The best advice here is to follow the lubrication recommendations of the vehicle manufacturer or compressor supplier.

The demand for retrofit has peaked, and it is now declining according to most sources in the A/C service industry. The demand for retrofit kits is also down because most technicians have figured out that changing an older R-12 system over to R-134a isn’t as difficult as it first appeared. Most only buy the individual parts needed

For a simple retrofit, some might only need a few cans of R-134a refrigerant and a can of POE oil. On some vehicles, the o-rings and accumulator or receiver-drier should also be changed if the original parts are not compatible with R-134a. And on some, the compressor itself won’t work because of: seal incompatibility; or it isn’t strong enough to handle the higher operating pressures of R-134a. For these kinds of applications, a retrofit usually isn’t done unless the original compressor has failed and needs replaced.

Other parts that may also have to be replaced include the orifice tube and/or condenser. A variable orifice tube can improve low-speed cooling performance, and some vehicles may require a larger or more efficient condenser to provide good cooling performance when retrofitted to R-134a.

To maintain a preset air temperature, ATC systems use one or more interior air temperature sensors, an ambient (outside) air temperature sensor and possibly one or two sunload sensors. These sensors are critical to the operation of the system. If one fails, it can prevent the system from cooling or heating properly.

Interior air temperature sensors are usually simple two-wire thermistors that change resistance with temperature, but some are infrared sensors that detect heat from the vehicle’s occupants. The interior air temperature sensors may be located in the ATC control head, instrument panel, overhead console or even the seats.

The ambient air temperature sensor that monitors the outside temperature is located outside the passenger compartment often at the base of the windshield or in the front of the vehicle. Many ATC systems only look at the ambient temperature when the vehicle is first started or when it’s moving.

Sunload sensors measure the intensity of sunlight that’s shining on the vehicle, are usually located on the top of the dash and have a small photo diode inside a white plastic dome. Sunload sensors are supplied a reference voltage by the ATC module, and pass current when the light intensity reaches a certain threshold.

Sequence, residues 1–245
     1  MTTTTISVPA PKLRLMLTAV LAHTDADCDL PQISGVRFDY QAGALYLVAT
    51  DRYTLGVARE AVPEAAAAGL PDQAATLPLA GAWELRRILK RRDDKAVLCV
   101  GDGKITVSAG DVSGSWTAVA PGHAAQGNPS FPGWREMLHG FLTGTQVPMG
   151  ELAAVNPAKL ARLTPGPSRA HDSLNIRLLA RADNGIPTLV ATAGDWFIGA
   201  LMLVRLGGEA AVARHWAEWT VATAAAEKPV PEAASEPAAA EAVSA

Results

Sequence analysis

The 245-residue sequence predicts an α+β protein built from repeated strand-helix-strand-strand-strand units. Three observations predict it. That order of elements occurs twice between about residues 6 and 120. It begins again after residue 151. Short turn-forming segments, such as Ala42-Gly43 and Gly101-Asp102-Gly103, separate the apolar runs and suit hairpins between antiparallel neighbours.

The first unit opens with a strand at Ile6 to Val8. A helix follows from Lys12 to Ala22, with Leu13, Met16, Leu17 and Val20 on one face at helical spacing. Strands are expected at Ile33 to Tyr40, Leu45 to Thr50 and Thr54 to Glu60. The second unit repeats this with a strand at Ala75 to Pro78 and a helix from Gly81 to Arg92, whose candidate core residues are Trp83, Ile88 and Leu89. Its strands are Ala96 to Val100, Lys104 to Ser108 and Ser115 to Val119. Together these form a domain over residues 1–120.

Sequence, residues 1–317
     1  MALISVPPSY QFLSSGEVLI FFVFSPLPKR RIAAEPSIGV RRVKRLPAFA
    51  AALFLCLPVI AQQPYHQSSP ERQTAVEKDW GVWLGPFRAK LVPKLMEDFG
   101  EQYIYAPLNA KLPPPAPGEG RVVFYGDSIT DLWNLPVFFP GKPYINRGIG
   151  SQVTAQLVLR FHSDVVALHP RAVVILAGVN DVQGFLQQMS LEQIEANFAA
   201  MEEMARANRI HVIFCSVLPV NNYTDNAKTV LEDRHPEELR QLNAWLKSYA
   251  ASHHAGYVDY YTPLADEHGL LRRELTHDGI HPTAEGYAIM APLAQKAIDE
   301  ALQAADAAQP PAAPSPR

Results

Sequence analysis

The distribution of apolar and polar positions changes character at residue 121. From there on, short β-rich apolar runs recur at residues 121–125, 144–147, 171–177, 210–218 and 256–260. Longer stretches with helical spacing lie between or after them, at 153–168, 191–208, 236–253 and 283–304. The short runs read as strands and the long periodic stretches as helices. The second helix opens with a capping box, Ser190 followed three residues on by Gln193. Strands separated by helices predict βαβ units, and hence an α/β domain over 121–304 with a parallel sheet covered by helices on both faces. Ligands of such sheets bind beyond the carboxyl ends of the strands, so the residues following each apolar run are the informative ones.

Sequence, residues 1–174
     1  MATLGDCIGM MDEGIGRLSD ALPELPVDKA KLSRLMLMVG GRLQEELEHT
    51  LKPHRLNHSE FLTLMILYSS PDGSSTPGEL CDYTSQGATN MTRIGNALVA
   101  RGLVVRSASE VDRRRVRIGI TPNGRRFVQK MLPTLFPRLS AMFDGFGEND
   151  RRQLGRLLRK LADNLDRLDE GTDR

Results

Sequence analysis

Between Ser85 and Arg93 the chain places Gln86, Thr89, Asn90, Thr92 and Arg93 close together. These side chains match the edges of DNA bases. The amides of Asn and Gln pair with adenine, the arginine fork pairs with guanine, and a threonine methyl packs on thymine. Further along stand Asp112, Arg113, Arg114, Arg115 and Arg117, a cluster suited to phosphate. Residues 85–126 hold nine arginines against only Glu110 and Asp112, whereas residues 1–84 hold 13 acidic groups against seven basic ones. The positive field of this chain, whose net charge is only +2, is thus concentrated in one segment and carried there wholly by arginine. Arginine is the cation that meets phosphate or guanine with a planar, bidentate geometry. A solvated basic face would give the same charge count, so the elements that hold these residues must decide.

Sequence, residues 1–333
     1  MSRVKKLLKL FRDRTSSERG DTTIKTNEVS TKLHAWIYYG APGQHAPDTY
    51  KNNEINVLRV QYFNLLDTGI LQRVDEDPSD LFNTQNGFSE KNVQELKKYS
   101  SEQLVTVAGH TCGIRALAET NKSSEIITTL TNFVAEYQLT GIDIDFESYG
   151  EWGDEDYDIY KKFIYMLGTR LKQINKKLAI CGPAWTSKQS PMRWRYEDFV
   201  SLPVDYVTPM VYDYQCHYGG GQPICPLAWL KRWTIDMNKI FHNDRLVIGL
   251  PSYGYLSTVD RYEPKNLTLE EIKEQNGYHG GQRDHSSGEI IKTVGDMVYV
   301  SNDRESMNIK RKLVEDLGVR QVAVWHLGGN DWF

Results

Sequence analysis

Some ATC systems have additional temperature sensors located on the evaporator and/or compressor to prevent evaporator icing and to regulate the operation of the compressor. Some Asian vehicles also have duct temperature sensors and heater core temperature sensors to further refine temperature control. These are usually found on the dual-zone ATC systems.

Though temperature and sunload sensors are pretty reliable, any of these sensors may fail at any time. Some are available as aftermarket parts, so check with your A/C parts supplier before you refer a customer back to the new car dealer.

Another item that affects cooling performance and may have to be replaced is air door control motors. These include the little vacuum and electric motors that position the air blend doors inside the HVAC unit. Newer vehicles tend to use mostly electric motors, while the older ones use vacuum motors. Some electric motors have a position sensor or separate feedback circuit to keep the ATC control module informed about their position. Vacuum motors and some electric motors are available through aftermarket suppliers, but many of the newer parts are only available through a new car dealer.

One thing most shops that do A/C work today need is leak detection dye. Many technicians prefer dye over electronic leak detectors because they say it does a better job of revealing leaks. Many shops add a dose of dye when they recharge a vehicle to make leaks easier to find next time around.

There are also “sealer” additives that can be added to the A/C system to plug small leaks. Pinhole leaks in an evaporator, hose or seal can sometimes be sealed with such a product. But some technicians question the effectiveness of sealers, while others question the potential risk for causing additional problems such as plugging up the orifice tube. The best way to stop the loss of refrigerant from an A/C system is to pinpoint the leak and replace the leaky hose, seal or other part. But parts like evaporators are hard to reach and expensive to replace, so a sealer may provide a more cost-effective solution to a customer’s immediate problem.

Every shop that does A/C work must have approved refrigerant recovery equipment. Venting refrigerant is illegal. Shops also need equipment that can identify the type of refrigerant in a system to reduce the risk of cross-contamination. Service gauges, leak detection equipment (electronic or ultraviolet), evacuation pump and special hand tools for removing and installing compressor seals are also “must haves” for today’s A/C technicians. So too is a scan tool for reading ATC system diagnostic trouble codes.

Browse some A/C equipment catalogs, and be familiar with what’s available. Many shops may need to upgrade outdated equipment or buy new equipment. A/C service is a growing opportunity, so why not be on the leading edge? Be familiar with the parts and equipment your customers need, and you’ll see more A/C sales as a result.